Still, this is all just to set up the adventure for Major Andrews, who is sent to the island nation of Malta to help protect a powerful new death ray from falling into enemy hands. Obviously, Mabuse could control the world with this device, which shoots a powerful laser beam at the moon, which then reflects it back to any desired point on the globe! 

   To cover as a harmless, fun-loving vacationer, Andrews is ordered to bring along his over-sexed girlfriend Judy. For the rest of the picture, Andrews will be shot at, trapped, administer beatings, shoot some guys, snoop around to uncover the true identities of mysterious figures, save Judy, listen in on private conversations, uncover secret codes, and ultimately come face to face with Dr. Mabuse (or his latest host) and his underwater army.

Spy movie elements, some remarkably ahead of their time:
- The bad guys get their orders from a shadowed figure over a television monitor (in this case a cut-out of a man's head and shoulders is used, rather than an actual back-lit actor).

- The bad guys meet in an underground lair whilst clad in their wetsuits.

- The death ray mirror itself. While this would become a frequently employed device for would-be world conquerors, the use of such a device this early in the game is pretty impressive. Perhaps because this is so early in the game, they avoid building a big cannon-like device to mirror Goldfinger's cutting laser which almost splices James Bond in half.

- Andrews' chief in the field is a man who has seen rough times. He wear an eye-patch, has a burned face, and one of his hands is metal.

- Heavy use of underwater action. Again, this pre-dates Thunderball by a year. After Thunderball, such themes would become standard in the genre.

- One character can read minds, possibly in a mystical way. Supernatural elements wouldn't become common until later in the cycle, when writers began getting desperate for fresh ideas.

- Andrews tires to seduce multiple women to learn what they know. One is a fairly innocent relative of the man Andrews is assigned to protect. One is a ruthless assassin posing as one of the good guys. She invites Andrews to her place, shoots him (but he's wearing a bullet-proof vest), he threatens to beat her up, and she gets shot by the main villain before she can say anything useful. For bonus points, she's Oriental.

- The gadgets. Andrews not only wears a bullet-proof vest to an encounter he knows is a trap, but also carries a sound amplifier with an earpiece that allows him to overhear the key to a combination needed to open the vault to the death ray.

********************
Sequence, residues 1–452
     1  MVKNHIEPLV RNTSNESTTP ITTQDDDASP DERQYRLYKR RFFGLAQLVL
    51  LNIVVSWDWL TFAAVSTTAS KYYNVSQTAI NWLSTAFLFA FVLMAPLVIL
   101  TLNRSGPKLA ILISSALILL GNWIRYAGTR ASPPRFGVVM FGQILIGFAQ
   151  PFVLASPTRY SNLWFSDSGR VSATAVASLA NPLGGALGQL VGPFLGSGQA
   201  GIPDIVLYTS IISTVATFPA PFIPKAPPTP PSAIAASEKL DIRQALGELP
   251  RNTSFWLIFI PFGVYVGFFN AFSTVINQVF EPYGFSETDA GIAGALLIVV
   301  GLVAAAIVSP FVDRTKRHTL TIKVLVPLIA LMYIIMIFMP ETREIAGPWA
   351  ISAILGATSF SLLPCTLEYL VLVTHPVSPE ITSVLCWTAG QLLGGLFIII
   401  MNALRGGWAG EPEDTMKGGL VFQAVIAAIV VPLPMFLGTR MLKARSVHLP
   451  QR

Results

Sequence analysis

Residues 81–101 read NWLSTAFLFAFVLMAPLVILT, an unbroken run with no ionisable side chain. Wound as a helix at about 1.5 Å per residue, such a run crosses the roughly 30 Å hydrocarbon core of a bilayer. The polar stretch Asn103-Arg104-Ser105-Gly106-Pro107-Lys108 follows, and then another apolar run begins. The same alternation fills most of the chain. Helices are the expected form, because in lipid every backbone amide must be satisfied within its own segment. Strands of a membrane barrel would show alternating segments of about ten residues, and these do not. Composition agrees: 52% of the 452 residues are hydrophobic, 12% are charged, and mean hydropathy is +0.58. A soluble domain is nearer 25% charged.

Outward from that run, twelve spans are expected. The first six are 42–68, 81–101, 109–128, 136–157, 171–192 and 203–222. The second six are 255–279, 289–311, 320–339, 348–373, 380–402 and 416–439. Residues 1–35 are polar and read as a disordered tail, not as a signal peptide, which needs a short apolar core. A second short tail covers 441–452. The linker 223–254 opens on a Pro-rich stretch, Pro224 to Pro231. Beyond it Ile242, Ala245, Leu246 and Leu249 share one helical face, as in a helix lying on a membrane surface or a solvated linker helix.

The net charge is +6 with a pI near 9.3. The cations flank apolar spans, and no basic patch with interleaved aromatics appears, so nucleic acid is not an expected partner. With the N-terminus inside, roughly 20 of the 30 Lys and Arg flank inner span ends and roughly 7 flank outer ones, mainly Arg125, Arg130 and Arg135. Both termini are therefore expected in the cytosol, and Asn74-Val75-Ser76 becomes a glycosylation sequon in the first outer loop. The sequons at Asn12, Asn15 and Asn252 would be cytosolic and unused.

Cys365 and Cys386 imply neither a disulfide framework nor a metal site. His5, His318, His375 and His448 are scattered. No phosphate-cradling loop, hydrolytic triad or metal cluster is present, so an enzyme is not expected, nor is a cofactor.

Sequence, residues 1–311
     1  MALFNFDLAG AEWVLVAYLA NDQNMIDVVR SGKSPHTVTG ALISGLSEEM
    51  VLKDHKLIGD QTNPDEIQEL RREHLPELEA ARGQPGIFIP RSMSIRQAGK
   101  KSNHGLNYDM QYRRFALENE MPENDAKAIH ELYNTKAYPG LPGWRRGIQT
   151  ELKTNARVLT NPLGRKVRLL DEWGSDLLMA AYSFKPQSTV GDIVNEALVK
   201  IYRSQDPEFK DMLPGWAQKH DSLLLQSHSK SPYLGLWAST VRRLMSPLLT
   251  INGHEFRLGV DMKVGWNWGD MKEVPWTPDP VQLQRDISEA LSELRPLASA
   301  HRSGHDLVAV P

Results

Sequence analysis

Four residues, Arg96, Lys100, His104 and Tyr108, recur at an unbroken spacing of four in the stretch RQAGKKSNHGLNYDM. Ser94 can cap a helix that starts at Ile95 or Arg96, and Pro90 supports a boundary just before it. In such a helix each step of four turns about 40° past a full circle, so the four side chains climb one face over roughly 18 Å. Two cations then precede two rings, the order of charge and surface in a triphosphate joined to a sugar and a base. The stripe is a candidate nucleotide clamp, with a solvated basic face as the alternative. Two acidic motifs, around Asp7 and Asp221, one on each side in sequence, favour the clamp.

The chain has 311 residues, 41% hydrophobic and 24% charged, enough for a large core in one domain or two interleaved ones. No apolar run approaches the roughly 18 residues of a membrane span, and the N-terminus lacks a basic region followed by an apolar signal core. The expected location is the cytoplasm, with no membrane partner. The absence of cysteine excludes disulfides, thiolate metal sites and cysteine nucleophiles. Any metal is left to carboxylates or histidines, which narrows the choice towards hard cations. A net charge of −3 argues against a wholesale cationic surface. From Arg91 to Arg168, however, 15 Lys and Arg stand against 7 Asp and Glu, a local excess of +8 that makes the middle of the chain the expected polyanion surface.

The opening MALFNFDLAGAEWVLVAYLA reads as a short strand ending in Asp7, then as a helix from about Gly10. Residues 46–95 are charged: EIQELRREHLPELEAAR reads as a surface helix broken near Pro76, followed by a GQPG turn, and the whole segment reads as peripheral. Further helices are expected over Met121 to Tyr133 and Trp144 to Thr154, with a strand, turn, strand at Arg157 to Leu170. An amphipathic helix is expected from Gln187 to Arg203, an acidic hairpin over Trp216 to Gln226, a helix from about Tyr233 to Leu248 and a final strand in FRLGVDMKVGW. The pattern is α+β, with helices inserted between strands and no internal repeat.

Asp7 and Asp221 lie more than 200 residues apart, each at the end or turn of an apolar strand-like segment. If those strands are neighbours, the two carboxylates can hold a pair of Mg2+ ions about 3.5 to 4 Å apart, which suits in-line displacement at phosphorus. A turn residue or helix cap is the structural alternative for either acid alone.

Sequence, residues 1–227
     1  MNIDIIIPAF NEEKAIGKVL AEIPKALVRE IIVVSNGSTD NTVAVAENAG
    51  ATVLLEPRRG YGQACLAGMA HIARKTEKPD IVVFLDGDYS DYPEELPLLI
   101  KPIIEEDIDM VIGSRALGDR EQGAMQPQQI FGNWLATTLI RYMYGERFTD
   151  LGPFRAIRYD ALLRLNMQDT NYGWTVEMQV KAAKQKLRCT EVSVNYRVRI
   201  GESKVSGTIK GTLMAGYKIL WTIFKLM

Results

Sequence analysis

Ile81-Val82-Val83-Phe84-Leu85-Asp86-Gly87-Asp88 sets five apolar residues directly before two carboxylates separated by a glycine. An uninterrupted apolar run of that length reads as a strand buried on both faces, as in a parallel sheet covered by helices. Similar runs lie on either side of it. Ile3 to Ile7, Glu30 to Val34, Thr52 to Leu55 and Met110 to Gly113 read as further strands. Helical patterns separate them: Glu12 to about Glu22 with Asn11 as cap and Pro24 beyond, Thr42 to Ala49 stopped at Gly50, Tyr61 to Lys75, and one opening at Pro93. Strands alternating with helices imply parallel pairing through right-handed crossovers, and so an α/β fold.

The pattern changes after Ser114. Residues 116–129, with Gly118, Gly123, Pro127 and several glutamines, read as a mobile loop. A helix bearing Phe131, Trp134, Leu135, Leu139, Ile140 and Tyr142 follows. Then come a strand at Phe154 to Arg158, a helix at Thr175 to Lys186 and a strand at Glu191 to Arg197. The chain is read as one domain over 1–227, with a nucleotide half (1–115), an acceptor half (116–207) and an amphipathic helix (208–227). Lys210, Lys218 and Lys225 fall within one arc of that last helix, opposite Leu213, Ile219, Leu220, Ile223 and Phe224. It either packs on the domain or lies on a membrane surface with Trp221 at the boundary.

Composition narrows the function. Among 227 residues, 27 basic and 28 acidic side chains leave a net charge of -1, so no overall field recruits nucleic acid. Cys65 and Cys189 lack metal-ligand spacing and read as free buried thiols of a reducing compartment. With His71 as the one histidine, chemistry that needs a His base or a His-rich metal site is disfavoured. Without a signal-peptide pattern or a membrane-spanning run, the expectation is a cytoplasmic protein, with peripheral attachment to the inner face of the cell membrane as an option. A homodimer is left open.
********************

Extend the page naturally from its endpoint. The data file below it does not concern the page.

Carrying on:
- A harmless gift is really an explosive device. In this case, flowers are sent to a girl for her birthday celebration on the island housing the death ray and its inventor. Lucky for her, Andrews is on hand to notice how heavy the flowers are. Flowers, by the way, are the most popular gambit in spy movies to either murder someone, or sneak in a listening device.

- The bad guys get close to their target by posing as a harmless fishing boat. That's the oldest trick in the book.

- The car chase.

- A local business is a front for Intelligence. In this case, a brothel, which is actually a pretty good place to collect information.

- Bad guys disguised as clergy.

- Jazzy music. Our score is made from a stock soundtrack, and I'm pretty sure I heard it in an American exploitation picture a couple years earlier than its use here. It vaguely resembles the end theme to Panic in Year Zero, so if fits this type of thing perfectly.

Unlike most spy films:
- The girls close to Andrews are absent from the climax. Both are spying on each other, and thus neither is placed in a situation of peril for Andrews to save them from. In fact, they're not seen again in the film!

- Despite having a huge death ray in an underground chamber on hand, they avoid blowing it all up for a big finish. Nor do we see the bad guys headquarters destroyed in a huge explosion.

- The title sequence plays up the action and science fiction aspects, but we are never shown a girl, even in silhouette.

- Our subject is black and white, as were the previous Mabuse entries. Most spy epics would be filmed in eye-jolting color.

   Again, for a German film like this, the pace is very swift. I'm used to sitting through dry spots during this kind of import movie, but this one kept moving! The shame here is that this was the last Mabuse film. Also, it may have been a bad move for me to start with the last two films in the cycle. When I eventually get around to seeing the earlier films, they're almost certain to be less lively.

Friday, September 12, 2014

Video Cheese/Oddball Film Report: COVERGIRL (1982)

Note: This review was originally written for, and has been published here by the kind permission of Mr. Ken Begg.

Couldn't find art for this film, so this poster art comes from a 70's porno about cover girl models!

COVERGIRL (1982 - color)

   "A rich jerk falls for a fashion model and vows to make her the most famous name in the industry."

   The box top for Covergirl shows a half dozen exaggeratedly sexy models on a bare set. None of them are in the film's cast. Based on this, I figured the film would be a TV movie that was being pushed as a skin flick by the video distributor. Well, its not a TV movie. Nor is it a skin flick. I have no idea who this picture was aimed at!

   It resembles a chick flick at times, but its not really that. Its an exploitation movie, but not overly exploitative (while there is some nudity here, all of it is pretty much peripheral, of the "why did they even bother" variety). 

   Its not a comedy. 

   Its not a romance. 

   Its not really a drama. 

   Its not an industry documentary. 

   It might be considered a buddy picture of sorts, except those relationships are rarely on screen. 

   What is this and who was it made for? The film feels like filler, like the whole thing is padding. Was it assembled to flesh out a double bill? Probably not specifically, not in 1982.

  Adding to the problem is the film's digest-like nature. We don't follow a story as much as jump from scene to scene. We see plenty of bits unrelated to anything else, and major events occur off screen. The time frame in which all this occurs is likewise problematic because we're given no clue. The events seen here would seem to play out over several months, but the way this stuff is cut, it could be within a week!